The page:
High-jumping legend Dick Fosbury passed away over the weekend.
Fosbury won the Olympic gold medal in 1968, but is better known for an innovation that changed the sport: the “Fosbury flop,” i.e. going over the bar backward.
There are so many detail-rich obituaries of Fosbury, that I don’t want to retread that ground. Instead, I just want to share two aspects of Fosbury’s breakthrough that I find striking.
First: Fosbury’s innovative technique makes perfect physics sense. By arching his back and curling his legs around the bar, his center of mass could pass under the bar, while his body passed over it. Thus, he didn’t need to jump as high to clear the bar. Brilliant! Also: simple! And yet, it didn’t come from sports scientists, and Fosbury was warned against it by some coaches who felt it wouldn’t work, and that he’d probably get hurt. But the older methods of high-jumping hadn’t been working well for him, so he experimented. Fosbury wasn’t thinking about the physics; he was just searching for something that felt like it would allow him to more easily get his butt away from the bar. Clearly, he hit on something that worked for him. And then for everybody.
I think there’s a lesson here about problem solving in sports, and probably well beyond. Breakthroughs — whether personal, or for an entire domain — often start with individual experimentation, and only later do the principles of why it obviously worked become clear.
I definitely don’t want to apply any broad brush to coaches, but my impression of some of the great ones I’ve interacted with is that they’re hyperaware of the need for athletes to have a hand in their own solutions. Of course, the coach can impart important principles, but my sense of great coaches is that they also allow — or encourage — some freedom for the learner to experiment and find a personal solution within the bounds of the task. Granted (and apropos of the last post), sports are relatively “kind” learning environments, with automatic feedback on experiments. But I think there’s an analogy for coaches or mentors or bosses of any kind: we should all think about how we can use our influence essentially to underwrite smart risk-taking and experimentation, even within the confines of a well-defined goal.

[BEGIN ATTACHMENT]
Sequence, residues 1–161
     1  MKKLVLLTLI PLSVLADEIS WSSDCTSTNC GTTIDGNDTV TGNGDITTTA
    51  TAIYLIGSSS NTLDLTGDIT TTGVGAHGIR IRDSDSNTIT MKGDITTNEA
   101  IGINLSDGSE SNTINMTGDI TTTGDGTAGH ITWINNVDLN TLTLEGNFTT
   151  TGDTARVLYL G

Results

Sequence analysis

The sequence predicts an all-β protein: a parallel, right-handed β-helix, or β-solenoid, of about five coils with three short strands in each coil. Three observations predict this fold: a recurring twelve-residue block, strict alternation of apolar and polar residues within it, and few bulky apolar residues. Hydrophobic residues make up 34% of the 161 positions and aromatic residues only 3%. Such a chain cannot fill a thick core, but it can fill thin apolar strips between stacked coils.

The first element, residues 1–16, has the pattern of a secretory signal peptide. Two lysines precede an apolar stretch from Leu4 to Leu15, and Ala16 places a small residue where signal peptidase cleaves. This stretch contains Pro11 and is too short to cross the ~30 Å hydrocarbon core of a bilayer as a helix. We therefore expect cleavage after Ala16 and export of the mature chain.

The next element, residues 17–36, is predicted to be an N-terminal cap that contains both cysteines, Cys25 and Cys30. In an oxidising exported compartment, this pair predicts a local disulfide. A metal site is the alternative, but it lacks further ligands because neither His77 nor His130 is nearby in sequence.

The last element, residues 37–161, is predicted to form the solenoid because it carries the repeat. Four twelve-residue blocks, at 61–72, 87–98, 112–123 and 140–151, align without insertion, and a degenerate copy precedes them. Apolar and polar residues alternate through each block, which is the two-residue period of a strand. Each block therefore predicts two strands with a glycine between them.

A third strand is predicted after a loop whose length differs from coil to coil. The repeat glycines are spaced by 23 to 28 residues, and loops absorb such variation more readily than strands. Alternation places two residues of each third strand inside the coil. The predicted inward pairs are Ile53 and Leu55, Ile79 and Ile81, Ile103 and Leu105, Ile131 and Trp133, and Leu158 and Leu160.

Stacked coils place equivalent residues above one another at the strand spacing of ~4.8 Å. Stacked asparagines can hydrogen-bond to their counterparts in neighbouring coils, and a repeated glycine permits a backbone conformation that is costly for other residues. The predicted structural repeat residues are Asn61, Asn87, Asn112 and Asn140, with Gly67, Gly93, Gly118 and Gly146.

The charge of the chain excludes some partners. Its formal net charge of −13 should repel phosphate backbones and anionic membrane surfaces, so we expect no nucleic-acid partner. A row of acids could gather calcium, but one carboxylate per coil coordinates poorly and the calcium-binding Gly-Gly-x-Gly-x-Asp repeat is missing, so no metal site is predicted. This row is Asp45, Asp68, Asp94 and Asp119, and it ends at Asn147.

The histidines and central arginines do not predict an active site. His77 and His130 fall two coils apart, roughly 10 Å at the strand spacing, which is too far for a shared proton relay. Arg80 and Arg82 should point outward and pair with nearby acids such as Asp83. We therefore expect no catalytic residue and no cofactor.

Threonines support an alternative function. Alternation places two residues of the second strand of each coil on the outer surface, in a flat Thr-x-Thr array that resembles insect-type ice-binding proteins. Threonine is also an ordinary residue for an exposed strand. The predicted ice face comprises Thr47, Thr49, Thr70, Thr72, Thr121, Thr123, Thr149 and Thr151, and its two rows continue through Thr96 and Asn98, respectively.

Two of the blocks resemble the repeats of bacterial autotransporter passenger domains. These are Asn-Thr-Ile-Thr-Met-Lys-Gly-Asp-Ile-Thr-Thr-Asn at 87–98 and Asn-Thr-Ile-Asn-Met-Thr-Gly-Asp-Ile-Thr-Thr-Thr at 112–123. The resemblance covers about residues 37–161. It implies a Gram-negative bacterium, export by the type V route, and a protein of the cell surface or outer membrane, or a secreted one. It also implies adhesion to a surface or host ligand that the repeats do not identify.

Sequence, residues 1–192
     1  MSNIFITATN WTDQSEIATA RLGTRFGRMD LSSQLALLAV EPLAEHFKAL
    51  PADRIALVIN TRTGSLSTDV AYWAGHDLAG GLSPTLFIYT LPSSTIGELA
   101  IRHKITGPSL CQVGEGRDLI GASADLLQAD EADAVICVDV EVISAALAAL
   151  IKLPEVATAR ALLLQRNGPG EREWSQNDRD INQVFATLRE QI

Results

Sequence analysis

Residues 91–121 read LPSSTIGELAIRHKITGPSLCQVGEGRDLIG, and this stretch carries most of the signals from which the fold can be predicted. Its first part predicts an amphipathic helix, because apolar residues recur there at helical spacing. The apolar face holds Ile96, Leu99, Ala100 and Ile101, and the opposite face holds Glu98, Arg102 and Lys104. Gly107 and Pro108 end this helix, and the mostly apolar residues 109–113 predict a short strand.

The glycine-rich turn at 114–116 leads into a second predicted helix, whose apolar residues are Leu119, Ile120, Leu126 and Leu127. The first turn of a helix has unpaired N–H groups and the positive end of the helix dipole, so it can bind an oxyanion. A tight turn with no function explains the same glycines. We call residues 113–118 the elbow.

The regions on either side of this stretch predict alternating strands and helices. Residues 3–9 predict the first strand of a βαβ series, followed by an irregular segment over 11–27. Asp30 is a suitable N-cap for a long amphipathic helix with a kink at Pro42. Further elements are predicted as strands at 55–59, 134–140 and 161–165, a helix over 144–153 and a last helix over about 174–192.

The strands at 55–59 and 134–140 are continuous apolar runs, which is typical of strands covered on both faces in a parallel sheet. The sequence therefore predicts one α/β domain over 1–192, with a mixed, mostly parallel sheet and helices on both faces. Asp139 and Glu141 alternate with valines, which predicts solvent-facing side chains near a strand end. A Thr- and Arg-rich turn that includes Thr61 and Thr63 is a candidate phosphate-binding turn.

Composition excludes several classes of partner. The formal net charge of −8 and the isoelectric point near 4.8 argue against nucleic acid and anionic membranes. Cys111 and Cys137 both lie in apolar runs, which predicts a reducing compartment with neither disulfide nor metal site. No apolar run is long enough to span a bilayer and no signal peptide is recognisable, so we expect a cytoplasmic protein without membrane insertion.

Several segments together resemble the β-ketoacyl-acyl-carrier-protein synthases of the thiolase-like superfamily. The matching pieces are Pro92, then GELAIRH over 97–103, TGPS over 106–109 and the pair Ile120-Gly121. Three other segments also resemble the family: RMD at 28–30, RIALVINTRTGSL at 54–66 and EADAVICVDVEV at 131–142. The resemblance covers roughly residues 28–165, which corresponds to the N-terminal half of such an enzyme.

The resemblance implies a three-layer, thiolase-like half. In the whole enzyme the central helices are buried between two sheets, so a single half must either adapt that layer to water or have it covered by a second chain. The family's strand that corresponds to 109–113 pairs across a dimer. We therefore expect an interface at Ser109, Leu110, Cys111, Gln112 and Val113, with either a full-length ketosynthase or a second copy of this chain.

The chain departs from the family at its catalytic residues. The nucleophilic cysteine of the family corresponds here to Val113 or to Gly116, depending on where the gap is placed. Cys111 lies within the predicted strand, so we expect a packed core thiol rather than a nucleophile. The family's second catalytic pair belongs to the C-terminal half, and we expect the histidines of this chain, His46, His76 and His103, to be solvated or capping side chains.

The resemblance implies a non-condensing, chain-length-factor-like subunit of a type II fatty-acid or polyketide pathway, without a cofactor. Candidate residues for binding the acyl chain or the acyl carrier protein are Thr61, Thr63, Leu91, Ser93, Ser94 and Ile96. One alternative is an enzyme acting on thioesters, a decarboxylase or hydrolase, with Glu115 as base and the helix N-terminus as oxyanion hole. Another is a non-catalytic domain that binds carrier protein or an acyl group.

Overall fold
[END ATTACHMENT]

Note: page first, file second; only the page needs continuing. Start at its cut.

Second: the Fosbury flop gave an advantage to athletes who start with a high center of mass. In just eight years after Fosbury won gold in Mexico City, the average height of elite male high-jumpers increased by four inches! Technical and technological innovations often alter the characteristics of top performers, and that is especially easy to measure in sports. In tennis, for example, the switch from wood to rackets made with graphite — lighter and stronger — allowed for more powerful serves. Thus, serves became more important in tennis, and tennis players got taller to capitalize on the tech. (Of course, players didn’t grow more; rather, individuals who made it to the top tended to be taller.) If you’re interested in this sort of thing, I wrote a lot about it in The Sports Gene.
Most of all, I hope Dick Fosbury, and his flop, will stick in your mind as a great example of someone who was willing to try something — specifically something that looked silly — when the old way wasn’t working for him. As Bob Welch, who coauthored a book with Fosbury put it: "Dick is fond of saying 'I like to live in the moment.’ And that moment told him, 'lift up your hips, pal.' "
Congrats to me on actually writing a short post! I hope to do more short, thinking-out-loud posts here and there. But I welcome feedback on that idea in the comments below.
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Thanks for reading. Until next time…
As a high jumper from the time, no coincidence that the flop arrived shortly after foam pits. I jumped on sawdust, which was common; some jumped into sand. No foam, no flop. Foam opened a door; Fosbury discovered the possible by going through it. (Noting that vaulters got foam before we more earthbound did.)
Short is great and more fun to read! :)